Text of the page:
Chemotherapy Chemotherapy is the use of medicines or drugs to treat cancer. Chemotherapy drugs are either injected or taken by mouth. Chemotherapy may cause side effects in dogs and cats, but these effects are typically much less severe than what humans experience when they are treated with chemotherapy. The number and frequency of chemotherapy treatments administered varies depending on the type of cancer that is diagnosed and your pet’s response to therapy.
Radiation Therapy Radiation therapy involves the use of a linear accelerator or other machine to deliver radiation to a very specific location on the body. Unlike chemotherapy, radiation therapy does not affect the entire body and therefore side effects are generally limited only to the area that is treated. Radiation treatments may be administered daily for as many as 20 treatments, or may be given less frequently depending on the type of cancer that is being treated. Dogs and cats must be placed under anesthesia for a brief amount of time for each treatment in order to ensure they are placed in an identical position each time.
Melanoma Vaccine The melanoma vaccine is a relatively new cancer therapy that was developed the use in dogs diagnosed with melanoma (oral cavity, skin, or toenail beds are the most common sites for this tumor). This vaccine is administered as a treatment, not a preventative, and stimulates your dog’s own immune response to combat the tumor. The melanoma vaccine causes no adverse side effects in treated patients.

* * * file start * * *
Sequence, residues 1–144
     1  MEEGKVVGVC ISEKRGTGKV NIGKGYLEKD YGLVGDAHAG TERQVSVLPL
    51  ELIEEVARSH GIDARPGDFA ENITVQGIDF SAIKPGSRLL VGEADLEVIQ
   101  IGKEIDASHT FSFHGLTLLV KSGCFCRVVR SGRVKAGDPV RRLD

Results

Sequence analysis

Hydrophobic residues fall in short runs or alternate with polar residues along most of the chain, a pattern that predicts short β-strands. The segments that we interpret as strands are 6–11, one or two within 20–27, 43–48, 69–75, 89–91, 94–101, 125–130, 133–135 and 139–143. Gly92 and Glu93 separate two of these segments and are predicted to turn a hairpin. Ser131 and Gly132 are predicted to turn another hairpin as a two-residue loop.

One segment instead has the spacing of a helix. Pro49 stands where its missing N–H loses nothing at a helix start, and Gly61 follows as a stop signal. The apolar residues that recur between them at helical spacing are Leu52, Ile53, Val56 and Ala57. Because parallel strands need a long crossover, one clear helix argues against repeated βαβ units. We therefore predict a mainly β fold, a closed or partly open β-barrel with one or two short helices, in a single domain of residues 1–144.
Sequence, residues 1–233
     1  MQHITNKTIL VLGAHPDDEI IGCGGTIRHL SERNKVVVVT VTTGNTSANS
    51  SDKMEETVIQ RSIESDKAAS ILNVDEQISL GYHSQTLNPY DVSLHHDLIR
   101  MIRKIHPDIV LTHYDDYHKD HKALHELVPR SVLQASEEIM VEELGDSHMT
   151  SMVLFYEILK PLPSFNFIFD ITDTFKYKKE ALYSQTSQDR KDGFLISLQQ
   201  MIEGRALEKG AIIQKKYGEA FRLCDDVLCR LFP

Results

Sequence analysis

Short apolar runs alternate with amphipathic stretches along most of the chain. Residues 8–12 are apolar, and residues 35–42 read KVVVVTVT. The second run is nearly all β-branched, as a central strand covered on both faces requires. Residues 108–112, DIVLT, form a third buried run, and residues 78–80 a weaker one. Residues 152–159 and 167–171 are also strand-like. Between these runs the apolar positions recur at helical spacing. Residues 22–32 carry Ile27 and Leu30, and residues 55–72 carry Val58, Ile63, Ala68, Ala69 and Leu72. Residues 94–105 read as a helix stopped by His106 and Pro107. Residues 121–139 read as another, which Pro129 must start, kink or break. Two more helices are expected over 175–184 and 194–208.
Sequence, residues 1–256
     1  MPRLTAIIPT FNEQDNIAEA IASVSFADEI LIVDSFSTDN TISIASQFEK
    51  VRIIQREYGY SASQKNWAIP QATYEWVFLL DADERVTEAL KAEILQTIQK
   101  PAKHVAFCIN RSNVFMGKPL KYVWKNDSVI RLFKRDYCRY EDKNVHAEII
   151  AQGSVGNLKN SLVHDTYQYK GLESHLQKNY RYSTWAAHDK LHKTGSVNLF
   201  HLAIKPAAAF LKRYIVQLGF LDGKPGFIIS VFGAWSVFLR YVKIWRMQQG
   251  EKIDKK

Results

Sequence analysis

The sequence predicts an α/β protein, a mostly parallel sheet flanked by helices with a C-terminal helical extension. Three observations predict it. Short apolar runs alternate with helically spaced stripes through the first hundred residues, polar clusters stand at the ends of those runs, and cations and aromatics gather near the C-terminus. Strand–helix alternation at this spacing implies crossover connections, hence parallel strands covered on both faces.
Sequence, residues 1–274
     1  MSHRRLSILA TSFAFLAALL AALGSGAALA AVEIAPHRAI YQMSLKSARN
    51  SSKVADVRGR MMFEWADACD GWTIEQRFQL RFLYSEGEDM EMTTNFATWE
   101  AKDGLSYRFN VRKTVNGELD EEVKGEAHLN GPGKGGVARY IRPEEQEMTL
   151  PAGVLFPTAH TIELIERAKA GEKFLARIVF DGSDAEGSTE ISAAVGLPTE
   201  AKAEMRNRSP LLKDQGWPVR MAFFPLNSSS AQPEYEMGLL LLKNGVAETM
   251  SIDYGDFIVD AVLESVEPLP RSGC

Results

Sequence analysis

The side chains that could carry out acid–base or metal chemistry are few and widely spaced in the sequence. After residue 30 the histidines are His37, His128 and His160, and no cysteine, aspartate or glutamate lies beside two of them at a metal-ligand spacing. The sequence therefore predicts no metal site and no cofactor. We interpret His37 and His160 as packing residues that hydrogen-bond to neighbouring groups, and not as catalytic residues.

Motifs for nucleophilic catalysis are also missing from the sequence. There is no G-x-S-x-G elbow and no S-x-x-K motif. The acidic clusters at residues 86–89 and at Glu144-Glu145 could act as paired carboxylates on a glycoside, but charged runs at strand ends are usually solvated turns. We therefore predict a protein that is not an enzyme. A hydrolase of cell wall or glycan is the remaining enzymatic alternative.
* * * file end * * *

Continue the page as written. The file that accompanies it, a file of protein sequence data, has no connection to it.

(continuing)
Complementary and Alternative Therapies In addition to traditional cancer therapies such as radiation therapy and chemotherapy, many patients will benefit from the use of complementary and alternative therapies. The use of herbal medicine, acupuncture, or other supplements may help boost the immune system and allow your pet to more effectively respond to traditional therapy, and can also help combat potential side effects associated with these treatments. Acupuncture is often a great addition to the treatment protocol for any type of pain associated with certain tumors.
The VESC is one of the few hospitals nationwide to offer radioactive iodine (I-131) treatment as an alternative treatment for feline hyperthyroidism.
One injection of Radioiodine (I-131) is all it takes!
I-131 therapy is generally regarded as the treatment of choice for most hyperthyroid patients who are systematically stable without clinically significant cardiopulmonary, gastrointestinal, renal, hepatic, endocrine or neurological disease. Nonthyroid related medical problems should be discussed with I-131 personnel to determine if I-131 is appropriate for your patients.Please review the following information with clients when considering referring a patient for I-131 therapy. Required pre-therapy workup: CBC, Complete Biochemical Profile, T4, Urinalysis with sediment, Retrovirus testing for FeLV and FIV and diagnostic quality radiographs depicting thoracic and abdominal structures… all tests should be current with 30 – 45 days.